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3 secrets that will help you succeed with your sport goals

Tips to help you with your sport goals

If you are a serious athlete, then I am sure you have set sport goals for where you want to go and what you want to accomplish. However, if you are like many people many of those goals you have set don’t always stick. There are a number of reasons why this occurs, but most importantly it is vital to implement a few tips to make sure you are not one of those people who fail to maintain their goals beyond a couple months.

Tip #1: Don’t put too much on your plate

Sports performance mindset coach, mental skills for athletes in San Diego, Los Angeles and Orange County. Trained in the field of applied sport psychology

I see this all the time, where people usually only make sport goals at one time of the year or think about how they want to grow. It is important to have goals and want to change things, but growth is a process and so while you may want to change a few things over the next year. Start one at a time. If your sport goal is to get to the gym 4 times a week and eat more nutritionally this year. Try first to just get to the gym 4 times a week for a month or two. Let it become a habit before you add something else. Once you feel getting to the gym is more habit then forcing yourself there, then add in some changes to your nutrition.


Tip #2: Don’t bite off more than you can chew

Much in line with the first tip, you want to make your goals realistic. If you try and change too much too soon you will set yourself up for failure. It is better to set a goal that you can consistently do and build the habit around it, then to try and do too much, and fail to do anything. For example, lets say you want to start meditating. Start with 3-5 minutes a day, and build a habit around that time period for a couple months, then slowly increase the time after you have the routine down to meditate each day.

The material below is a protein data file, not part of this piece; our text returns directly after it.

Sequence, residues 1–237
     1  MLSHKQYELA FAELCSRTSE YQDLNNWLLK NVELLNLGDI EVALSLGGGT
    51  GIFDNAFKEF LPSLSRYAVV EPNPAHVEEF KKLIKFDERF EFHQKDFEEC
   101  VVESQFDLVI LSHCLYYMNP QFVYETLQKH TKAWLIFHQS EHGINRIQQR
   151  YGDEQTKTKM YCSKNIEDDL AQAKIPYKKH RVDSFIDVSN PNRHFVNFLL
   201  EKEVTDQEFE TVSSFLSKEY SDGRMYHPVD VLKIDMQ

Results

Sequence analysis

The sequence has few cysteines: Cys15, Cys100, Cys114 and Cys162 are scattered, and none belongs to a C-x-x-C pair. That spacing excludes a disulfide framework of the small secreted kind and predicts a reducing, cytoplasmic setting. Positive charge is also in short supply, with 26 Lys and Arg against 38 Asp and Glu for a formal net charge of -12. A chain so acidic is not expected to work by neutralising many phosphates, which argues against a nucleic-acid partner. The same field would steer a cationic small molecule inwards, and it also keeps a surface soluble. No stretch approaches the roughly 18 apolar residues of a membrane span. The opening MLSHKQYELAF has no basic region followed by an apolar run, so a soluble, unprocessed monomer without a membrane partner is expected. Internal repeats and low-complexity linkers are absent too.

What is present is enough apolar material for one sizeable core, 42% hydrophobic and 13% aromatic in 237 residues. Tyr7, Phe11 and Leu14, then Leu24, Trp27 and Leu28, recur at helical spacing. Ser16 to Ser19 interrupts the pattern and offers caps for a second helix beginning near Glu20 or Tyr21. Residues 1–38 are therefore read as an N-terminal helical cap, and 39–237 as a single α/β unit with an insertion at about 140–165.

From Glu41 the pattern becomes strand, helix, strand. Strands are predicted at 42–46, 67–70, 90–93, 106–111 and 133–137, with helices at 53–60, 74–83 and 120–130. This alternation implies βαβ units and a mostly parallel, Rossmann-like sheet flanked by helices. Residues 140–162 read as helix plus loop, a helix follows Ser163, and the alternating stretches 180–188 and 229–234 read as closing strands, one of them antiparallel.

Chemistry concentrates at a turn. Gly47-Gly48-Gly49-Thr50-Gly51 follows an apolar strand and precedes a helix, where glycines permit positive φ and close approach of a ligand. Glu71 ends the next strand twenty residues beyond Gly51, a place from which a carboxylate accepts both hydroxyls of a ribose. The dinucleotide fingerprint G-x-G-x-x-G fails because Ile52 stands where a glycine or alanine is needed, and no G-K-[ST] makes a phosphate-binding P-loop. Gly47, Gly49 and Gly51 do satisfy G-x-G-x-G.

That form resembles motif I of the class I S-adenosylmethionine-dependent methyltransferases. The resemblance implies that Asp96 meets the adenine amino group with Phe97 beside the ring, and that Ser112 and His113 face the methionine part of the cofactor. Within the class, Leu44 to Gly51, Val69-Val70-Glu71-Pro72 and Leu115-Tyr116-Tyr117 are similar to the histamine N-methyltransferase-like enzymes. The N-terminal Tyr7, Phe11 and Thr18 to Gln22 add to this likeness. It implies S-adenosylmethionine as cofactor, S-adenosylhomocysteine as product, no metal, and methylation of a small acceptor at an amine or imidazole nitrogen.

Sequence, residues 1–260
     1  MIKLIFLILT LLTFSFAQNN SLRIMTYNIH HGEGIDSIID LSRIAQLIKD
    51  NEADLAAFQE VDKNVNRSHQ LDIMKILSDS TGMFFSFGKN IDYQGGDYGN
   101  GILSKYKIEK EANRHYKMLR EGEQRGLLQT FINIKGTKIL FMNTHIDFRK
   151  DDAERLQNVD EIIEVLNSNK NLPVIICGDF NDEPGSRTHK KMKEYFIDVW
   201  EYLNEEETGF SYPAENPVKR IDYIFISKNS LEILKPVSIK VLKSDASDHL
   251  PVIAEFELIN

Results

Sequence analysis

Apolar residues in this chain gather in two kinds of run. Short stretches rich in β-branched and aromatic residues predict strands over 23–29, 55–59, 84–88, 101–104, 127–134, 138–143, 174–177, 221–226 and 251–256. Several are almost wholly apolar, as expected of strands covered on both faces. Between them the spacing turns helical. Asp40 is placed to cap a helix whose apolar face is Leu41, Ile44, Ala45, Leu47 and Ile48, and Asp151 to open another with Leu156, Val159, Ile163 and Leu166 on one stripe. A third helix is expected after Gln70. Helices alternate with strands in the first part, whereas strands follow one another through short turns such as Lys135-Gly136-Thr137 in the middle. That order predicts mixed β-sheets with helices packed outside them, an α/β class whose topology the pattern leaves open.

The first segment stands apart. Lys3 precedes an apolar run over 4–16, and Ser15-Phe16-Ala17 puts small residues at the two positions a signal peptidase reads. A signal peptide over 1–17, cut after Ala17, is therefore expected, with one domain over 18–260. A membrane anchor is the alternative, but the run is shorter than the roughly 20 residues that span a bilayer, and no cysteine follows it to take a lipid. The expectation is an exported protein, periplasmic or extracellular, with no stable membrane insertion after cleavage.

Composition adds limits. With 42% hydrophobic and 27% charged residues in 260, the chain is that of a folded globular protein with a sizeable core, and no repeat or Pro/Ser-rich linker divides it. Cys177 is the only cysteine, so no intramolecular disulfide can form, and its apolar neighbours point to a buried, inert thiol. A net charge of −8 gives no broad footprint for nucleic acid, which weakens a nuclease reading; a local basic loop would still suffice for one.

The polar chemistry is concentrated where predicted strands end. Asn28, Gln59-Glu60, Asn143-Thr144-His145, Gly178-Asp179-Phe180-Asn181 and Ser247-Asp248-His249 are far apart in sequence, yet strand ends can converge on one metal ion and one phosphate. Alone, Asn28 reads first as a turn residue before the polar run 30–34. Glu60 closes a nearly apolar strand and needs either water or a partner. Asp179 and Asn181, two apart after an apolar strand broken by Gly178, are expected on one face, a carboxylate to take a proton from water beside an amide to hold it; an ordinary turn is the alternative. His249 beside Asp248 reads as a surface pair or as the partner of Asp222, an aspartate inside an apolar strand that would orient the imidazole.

Tip #3: Make your resolutions habits

This goes along with what was mentioned in tip #2. When you start something new it requires a good deal of will power. Will power runs out eventually, and so this is why it is important to make something a habit, so you are pulled to it, rather than having to push yourself towards it. This why it is good to start small when you are trying to make changes, you are wanting them for the long haul, not just a month or two. This requires habits, not will power, and if too much is trying to be changed at once it makes it harder to make the habits that will allow the changes to stick.


For help with creating and achieving your goals please contact me here.

Kate Allgood